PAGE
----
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Exploring the 'Google forest'

Conserving Mount Mabu - a biological oasis - is the priority

Scientists who recently used Google Earth to help discover a hidden forest in Mozambique, have been finding a wealth of new species. "Whatever we see we pick up, and there's a high probability that it's going to be a new species”, said Dr Julian Bayliss - head of the cross-border conservation project.

Five years ago, few from outside the area knew there was a forest at Mount Mabu. Its discovery by the scientific community is down to a very 21st-Century research tool. "I used Google Earth to locate all the mountains over 1,500m that were closest to Mount Mulanje in Southern Malawi", said Dr Bayliss. "Mount Mabu was selected through Google Earth as one of these sites".

BirdLife were part of the previous expedition to the site which discovered new species of butterfly and snake, along with seven Globally Threatened birds. “The forest on Mount Mabu is remarkable for its extent and condition”, said Dr Lincoln Fishpool, BirdLife’s Global IBA Co-ordinator who was on the 2008 Mabu expedition. “It therefore holds significant populations of several bird species which are in serious trouble elsewhere”, he added.

Since that time, further experts have been scouring Mount Mabu for new species in an effort to help build the case to conserve a unique forest. "We are dealing with what looks like the biggest rainforest in Southern Africa”, added Dr Bayliss.Unlike most of the forests in the region there was no sign of any logging or burning having taken place. The 7,000 ha of Mount Mabu are in pristine condition. "This is an island of evergreen forest in a sea of savannah", said Professor Bill Branch – one of Africa's leading reptile specialists. What that means is that the animals inside Mabu have had very little interaction with other groups of forest dwellers beyond its borders. Unable to walk across the dry lowlands to mountain forest elsewhere, many have evolved in isolation to suit Mabu's own type of wet forest. That now translates into many of the species proving to be new to science.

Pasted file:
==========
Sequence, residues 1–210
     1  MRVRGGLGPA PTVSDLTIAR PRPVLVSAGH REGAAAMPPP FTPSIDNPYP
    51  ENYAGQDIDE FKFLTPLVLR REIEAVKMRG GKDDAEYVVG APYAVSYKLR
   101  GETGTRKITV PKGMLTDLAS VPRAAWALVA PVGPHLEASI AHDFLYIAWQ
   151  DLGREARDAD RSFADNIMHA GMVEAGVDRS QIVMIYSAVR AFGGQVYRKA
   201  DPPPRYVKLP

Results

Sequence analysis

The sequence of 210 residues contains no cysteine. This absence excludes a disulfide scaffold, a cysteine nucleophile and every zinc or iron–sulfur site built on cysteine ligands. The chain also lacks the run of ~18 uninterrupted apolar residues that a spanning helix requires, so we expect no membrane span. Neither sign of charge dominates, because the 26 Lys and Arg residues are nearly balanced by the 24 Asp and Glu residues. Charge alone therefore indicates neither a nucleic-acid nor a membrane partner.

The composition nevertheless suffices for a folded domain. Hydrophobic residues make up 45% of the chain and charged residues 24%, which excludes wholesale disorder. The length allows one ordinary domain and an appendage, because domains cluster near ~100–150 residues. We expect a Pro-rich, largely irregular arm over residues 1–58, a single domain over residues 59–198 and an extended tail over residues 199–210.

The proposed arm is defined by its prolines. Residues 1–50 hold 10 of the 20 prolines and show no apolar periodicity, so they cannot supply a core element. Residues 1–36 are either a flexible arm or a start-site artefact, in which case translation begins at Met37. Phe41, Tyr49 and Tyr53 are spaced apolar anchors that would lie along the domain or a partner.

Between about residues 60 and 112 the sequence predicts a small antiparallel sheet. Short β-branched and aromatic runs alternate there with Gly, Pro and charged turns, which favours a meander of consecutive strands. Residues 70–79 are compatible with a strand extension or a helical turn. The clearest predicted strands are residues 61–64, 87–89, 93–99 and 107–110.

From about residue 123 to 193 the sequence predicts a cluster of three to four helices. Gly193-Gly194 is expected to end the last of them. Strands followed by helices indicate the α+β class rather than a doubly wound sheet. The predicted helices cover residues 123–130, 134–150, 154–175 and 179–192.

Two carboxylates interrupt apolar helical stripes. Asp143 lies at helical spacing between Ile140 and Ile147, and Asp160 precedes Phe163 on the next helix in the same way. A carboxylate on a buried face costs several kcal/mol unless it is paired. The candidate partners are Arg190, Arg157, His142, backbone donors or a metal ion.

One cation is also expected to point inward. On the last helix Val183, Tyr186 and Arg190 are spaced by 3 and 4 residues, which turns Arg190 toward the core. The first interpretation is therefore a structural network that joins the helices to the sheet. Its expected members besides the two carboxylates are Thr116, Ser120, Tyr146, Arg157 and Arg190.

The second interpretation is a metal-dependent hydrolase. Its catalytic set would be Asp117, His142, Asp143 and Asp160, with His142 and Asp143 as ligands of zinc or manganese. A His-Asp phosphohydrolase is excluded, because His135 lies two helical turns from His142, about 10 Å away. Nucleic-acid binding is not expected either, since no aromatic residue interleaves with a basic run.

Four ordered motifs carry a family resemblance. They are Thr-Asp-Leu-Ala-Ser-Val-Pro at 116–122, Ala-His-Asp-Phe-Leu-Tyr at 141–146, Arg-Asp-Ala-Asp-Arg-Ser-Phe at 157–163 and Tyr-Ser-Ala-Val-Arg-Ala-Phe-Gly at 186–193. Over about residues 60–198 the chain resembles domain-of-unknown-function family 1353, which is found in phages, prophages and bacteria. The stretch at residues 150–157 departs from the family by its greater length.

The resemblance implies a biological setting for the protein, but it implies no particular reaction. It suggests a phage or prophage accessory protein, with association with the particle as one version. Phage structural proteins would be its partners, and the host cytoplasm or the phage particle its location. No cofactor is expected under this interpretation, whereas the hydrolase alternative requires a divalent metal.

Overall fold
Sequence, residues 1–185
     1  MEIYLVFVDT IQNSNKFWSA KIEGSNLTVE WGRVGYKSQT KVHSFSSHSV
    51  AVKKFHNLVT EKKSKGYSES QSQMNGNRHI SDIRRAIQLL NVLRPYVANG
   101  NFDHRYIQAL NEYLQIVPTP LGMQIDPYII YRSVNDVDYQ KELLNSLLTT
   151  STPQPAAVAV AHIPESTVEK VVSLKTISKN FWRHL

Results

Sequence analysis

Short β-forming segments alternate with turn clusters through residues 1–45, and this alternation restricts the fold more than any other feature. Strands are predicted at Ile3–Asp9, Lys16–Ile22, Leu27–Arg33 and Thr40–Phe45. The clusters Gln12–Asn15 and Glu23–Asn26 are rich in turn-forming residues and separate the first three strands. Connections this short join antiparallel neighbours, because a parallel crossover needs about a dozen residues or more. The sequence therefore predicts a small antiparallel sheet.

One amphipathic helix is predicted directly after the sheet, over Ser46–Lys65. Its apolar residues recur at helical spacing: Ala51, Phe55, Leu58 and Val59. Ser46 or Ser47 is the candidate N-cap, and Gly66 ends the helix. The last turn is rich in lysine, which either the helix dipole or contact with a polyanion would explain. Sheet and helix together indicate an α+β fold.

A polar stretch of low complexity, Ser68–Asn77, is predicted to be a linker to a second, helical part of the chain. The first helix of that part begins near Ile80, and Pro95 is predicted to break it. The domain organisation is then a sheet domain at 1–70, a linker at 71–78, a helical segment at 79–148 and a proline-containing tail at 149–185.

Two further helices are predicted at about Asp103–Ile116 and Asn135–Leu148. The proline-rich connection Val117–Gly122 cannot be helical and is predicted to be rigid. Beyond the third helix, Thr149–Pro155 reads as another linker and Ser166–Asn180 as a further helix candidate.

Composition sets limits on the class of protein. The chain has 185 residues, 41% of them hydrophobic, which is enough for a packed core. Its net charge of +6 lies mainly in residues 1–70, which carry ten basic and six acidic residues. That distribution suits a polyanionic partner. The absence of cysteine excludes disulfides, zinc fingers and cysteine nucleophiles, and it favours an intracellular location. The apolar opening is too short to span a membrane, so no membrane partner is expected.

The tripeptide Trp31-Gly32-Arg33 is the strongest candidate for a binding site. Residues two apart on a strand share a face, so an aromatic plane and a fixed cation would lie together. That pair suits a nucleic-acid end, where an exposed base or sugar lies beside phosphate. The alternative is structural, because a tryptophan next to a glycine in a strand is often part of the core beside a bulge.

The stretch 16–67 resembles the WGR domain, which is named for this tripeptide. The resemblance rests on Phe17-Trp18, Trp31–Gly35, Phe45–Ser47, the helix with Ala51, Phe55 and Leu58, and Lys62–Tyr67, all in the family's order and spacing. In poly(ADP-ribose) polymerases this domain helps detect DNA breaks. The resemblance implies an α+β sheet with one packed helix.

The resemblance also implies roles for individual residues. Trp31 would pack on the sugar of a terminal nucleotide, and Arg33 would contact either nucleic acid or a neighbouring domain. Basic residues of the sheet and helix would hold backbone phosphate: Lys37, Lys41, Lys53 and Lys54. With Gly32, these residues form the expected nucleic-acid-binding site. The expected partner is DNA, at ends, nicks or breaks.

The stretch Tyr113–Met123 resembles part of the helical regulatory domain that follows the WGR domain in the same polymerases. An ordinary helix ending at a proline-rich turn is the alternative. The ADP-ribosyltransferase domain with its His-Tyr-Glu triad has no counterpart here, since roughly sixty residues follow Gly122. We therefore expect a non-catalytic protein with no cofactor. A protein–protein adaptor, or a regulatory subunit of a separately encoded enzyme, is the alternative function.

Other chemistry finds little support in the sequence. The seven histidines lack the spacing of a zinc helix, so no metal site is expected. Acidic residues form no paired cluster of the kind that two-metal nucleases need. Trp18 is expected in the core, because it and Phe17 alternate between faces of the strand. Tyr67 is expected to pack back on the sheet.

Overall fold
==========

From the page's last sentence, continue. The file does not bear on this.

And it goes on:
For the first reptile expert to ever visit Mount Mabu, the hunt for new lizards and snakes is proving rather easy for Professor Branch. Of the seven species that he’s has caught so far, only one is definitely not new to science.

However, declaring a new species is a process fraught with the fear of being proved wrong. But Mabu's scientists are quietly confident that, in the last year, they have found more than 10 new species."There are definitely new species to be found in almost all types of animals here on Mabu," concluded Dr Bayliss. With only an eighth of the forest having undergone even a cursory scientific investigation, it's hard to disagree.

Conserving Mount Mabu is now the priority. The forest’s value as a refuge to villagers during the war has thus far helped to protect it, along with poor access and ignorance of its existence. However the local human populations is growing and Mozambique’s economy is booming. There is a risk the forest will come under pressure to be cut for wood or burnt for crop space.

Experts from Mozambique, Kew Gardens, The World Bank and BirdLife International are amongst those meeting in Maputo today to discuss the future for Mount Mabu. The scientists are hoping their discoveries prove that Mount Mabu is unique, and that it merits official protection. “The studies so far have shown that Mount Mabu is a biological oasis”, added Paul Kariuki Ndang’ang’a – BirdLife’s Africa Species Programme Manager - from the Maputo workshop. “BirdLife are working in partnership with others to ensure it stays that way”.

Expeditions have been led by RBG Kew and involved scientists from the Mozambique Agronomic Research Institute and the Mulanje Mountain Conservation Trust in Malawi, as well as BirdLife International. Defra’s Darwin Initiative provided funding.

4th July 2014